4. So, as everyone playing the game knows, you can outfit your ship with officers, I've got a few suggestions and would also ask for some player feedback into what officers roles should be and how that would affect your sailing; if they go down with the ship or have a chance of getting onto the longboat and paddling to the nearest pirate port, whether they can be injured, gain XP and rank up just like you; or just simply be modules you plug into your ship, leaving all the captaining and micromanagement to you, though captaining a ship would be no easy task. Firstly I'll take a look at navigation. What I'd propose is, with an officer who fills the role of your navigator is access to your captains quarters (though in a 'locked' isometric position) where you would get to see your map spread out over a table, along with all the ports and their flags. When asking a basic/low level navigator where you are he would simply reply "Nearest to <portnamehere>", however as you got better navigators (or your navigator got better) a circle would appear around your ship on the map like GPS on your phone with bad sattelite reception, as the navigator gets better and better or the best one is got the circle would shrink until you had a very reasonable idea of where you were, along with the navigator telling you where the nearest port is provided it's on the map. Officer of the watch - This officer would stop you having to buy a 72" 4k TV to tell if there is a ship in the distance. Of course like the navigator not all officers are as good as others so you may still have to keep an eye open for ships he might miss. However, he would be tasked with one other important thing, logging ships and fleets into the ship's map a lower-level/rarity officer would have them as lines coming out from the ship indicating heading, but not exact distance, somewhat like the sonar map in silent hunter; as he gets better he will begin to mark the lines red, white or green according to whether they are neutral, an enemy or an ally (He would start with black lines), eventually he would work his way up the skill/rarity tree to map the ship's approximate location, heading and speed he would also give call when land is spotted and if it's uncharted you could have him and your navigator draw up a rough shape (accuracy dependant on how skilled both officers are) of an island that was not on your 'original' chart. As a pair the navigator and officer of the watch can map out shallows and put them on your map too. Bosun - (or whichever way you want to spell it), generally keeps the morale of your crew up and gives shipwide bonuses if morale is high (almost as if you had added more crew), he keeps you aware of your crew's status, if any are sick (if this is added in the future) or if they are annoyed to the point of mutiny due to a series of failed encounters and not having a captain of the correct rank controlling the vessel. Your bosun could also double as a carpenter or surgeon, the carpenter getting more effectiveness out of repair kits and allowing you to repair about 20% of your armour if in survival mode, though patching a ship up with bits of shattered ship takes time. Him doubling as a surgeon would reduce crew loss in battle and reduce crew loss during boarding and regain some crew who would have otherwise died during boarding, they would mend slowly over a matter of days depending on their injuries. If he is acting out other roles then shipwide bonuses would Gunnery Officer - Pretty simple this one really, firstly you can set him to fire broadsides if you wish, possibly manning starboard and firing salvos at an easily hit ship while you pick off the little guy in a gunboat. If he isn't on firing duty he would assist with aiming, giving you somewhat of a trajectory arc, as all other officers some are better than others. As well as that a modest increase in gun damage would be nice as well as the ability to have him suggest where to shoot (eg armor, rudder, sails; though this may be very difficult to code) if trajectory arcs are a bit too Assassin's Creed for you then let him widen the little red line, essentially adjusting guns on the fly to hit where you may have just missed. Just to add a quick edit here. Should ships with multiple gundecks benefit from only one gunnery officer or should you have to have one for each gun-deck or set him as a ship-wide gunnery officer who's task is just to maintain the guns and keep the firing crews trained, giving less bonuses to all the guns on your ship than say 3 gunnery officers for each gun-deck of the HMS Victory who would actively be running fire control for each deck. Edit: one more thing he would do is tell you how close your ranging shots are to the enemy ship rather than you having to fire and get a spyglass on the ship (a feat impossible/very very difficult in real life if you are controlling the gunner's aim first) naturally as the officer got better by way of experience he would be able to tell you how far you missed by, by saying "Your shot missed her" at the beginning to "You hit just short/long of her cap'n" to giving more accurate descriptions of how much you missed by such as "You only missed by a few yards short cap'n" as well as letting you know how well you are damaging the ship from telling you whether you scored a hit to whether the shot hit her sails (though ball going through sails would not count as a hit when he feeds back to you), her mast or her hull (higher levels would be able to tell you if you hit her on the waterline and higher levels yet would tell you if you have created a leak) essentially a high level gunnery officer takes you away from mundane tasks and allows you to focus on things like manual sails. Boarding commander - takes care of boarding tasks, gives a modest increase in turn rate and fire rate prior to boarding(once again increasing with experience or rarity) during boarding he gives a recharge rate bonus as well as a morale and damage bonus. If there are any roles I've missed, let me know and let me know how you feel about things. Main questions would be: - Should officers be bought from the store as an item or hired from the tavern (Yes I got most of those roles from Age of Pirates 3 City of Lost Ships; a great game with mods, though it is somewhat buggy). - Should officers require pay to function (a good bosun would lower their wages by keeping them and the crew happy)? - Leading on from this, if officers have an XP based levelling function should they level automatically (thus requiring you to pay them more) or should you need to promote them. However officers that have gone a long time with max XP and no promotion may get a little annoyed and demand you promote them or you part ways next time you make port. - Should officers die upon sinking? Or should those that make it to a boat in time (wounded officers are slower) so having "fill boat" and a countdown running until all officers are on board (at risk of your ship sinking and you losing all your officers if it's taking on water fast) then a command to "Scuttle ship and escape" Any and all feedback is much appreciated, even if it's a link from a devblog going deep into officer mechanics and you calling me a fool for not finding it (I used both the forum search and Google, neither turned up anything like this so I'm sorry if I'm making you read the same stuff twice) anyway, that's all I've got to say for now until I retreat to the batcove and think of moar stuffs.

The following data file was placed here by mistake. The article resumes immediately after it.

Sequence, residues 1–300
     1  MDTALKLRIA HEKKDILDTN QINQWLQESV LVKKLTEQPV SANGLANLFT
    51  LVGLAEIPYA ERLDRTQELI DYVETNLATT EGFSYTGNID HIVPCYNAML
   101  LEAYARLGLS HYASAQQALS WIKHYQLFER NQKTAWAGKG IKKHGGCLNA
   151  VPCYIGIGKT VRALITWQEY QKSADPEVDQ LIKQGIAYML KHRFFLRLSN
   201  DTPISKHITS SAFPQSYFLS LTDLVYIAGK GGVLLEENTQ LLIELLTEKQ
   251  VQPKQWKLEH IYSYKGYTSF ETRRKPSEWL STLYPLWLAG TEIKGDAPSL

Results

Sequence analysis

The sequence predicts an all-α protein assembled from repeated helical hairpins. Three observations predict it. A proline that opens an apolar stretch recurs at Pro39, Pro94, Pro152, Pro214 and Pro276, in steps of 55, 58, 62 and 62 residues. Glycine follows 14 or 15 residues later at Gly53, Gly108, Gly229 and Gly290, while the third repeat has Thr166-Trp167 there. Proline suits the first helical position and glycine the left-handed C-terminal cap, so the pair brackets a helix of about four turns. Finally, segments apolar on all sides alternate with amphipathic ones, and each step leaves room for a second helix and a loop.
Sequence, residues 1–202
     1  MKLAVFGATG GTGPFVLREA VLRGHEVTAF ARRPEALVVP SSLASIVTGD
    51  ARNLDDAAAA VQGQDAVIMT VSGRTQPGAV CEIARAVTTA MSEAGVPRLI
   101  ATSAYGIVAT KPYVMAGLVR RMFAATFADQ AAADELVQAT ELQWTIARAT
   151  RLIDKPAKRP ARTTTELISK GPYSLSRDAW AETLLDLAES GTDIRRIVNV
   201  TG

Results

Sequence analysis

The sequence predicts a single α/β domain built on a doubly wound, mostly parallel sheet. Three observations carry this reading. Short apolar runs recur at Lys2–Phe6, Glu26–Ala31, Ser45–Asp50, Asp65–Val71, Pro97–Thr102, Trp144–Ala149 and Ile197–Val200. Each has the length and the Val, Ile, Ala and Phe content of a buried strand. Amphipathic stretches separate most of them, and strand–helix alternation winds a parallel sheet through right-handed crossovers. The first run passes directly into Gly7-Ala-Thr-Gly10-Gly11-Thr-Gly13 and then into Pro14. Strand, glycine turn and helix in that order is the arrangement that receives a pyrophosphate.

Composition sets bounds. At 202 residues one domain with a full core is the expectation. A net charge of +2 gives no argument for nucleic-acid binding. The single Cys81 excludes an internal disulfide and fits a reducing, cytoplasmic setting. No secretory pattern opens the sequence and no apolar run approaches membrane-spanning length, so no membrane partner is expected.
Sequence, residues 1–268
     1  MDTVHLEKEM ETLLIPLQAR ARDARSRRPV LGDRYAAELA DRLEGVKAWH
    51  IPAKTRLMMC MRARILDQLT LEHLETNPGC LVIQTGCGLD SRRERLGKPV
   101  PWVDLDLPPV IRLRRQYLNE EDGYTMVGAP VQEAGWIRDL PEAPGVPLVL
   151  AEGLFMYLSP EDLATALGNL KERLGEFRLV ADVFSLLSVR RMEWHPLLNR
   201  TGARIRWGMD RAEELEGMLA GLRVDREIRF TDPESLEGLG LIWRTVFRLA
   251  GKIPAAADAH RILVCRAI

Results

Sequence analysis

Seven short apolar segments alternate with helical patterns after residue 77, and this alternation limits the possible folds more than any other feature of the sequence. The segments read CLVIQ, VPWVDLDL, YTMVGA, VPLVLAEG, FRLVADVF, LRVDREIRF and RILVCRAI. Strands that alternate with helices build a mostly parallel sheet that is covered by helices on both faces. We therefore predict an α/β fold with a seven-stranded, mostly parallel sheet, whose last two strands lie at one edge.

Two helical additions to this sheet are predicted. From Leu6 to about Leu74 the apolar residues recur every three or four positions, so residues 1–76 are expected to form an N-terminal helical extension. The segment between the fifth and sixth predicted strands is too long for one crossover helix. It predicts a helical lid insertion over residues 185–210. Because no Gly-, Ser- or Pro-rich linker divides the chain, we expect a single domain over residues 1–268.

5. OK Midshipmen, Here is a cabin for those boys new to the ship, where we learn what it takes to captain a vessel. I'm hoping this topic will become a nice Q and A area where we can bring our newest Midshipmen up to speed. First: What is a midshipman? A Midshipman was a boy of about 12 years of age, educated, and often of the upper class. His role was to learn how to be a good officer, and eventually a Captain. A Midshipman had command rank above most sailors, who were legally bound to obey the Midshipmans orders or face disciplinary action. Midshipmen however would merely face the switch if they failed in their duties. At the end of their stint as a midshipman, they could take the officers exam to become a lieutenant at age 18. How is a Midshipman different that a powder monkey? A powered monkey is a boy with little or no education from the lower classes, who carries gunpowder and is learning a sailing trade. Midshipmen served in their respective navy. They had a collective (very small) cabin aboard most ships. In the cabin they could work on their lessons, or relax in their time off. (I'm writing this as we sail between ports) Frederick Bunnington III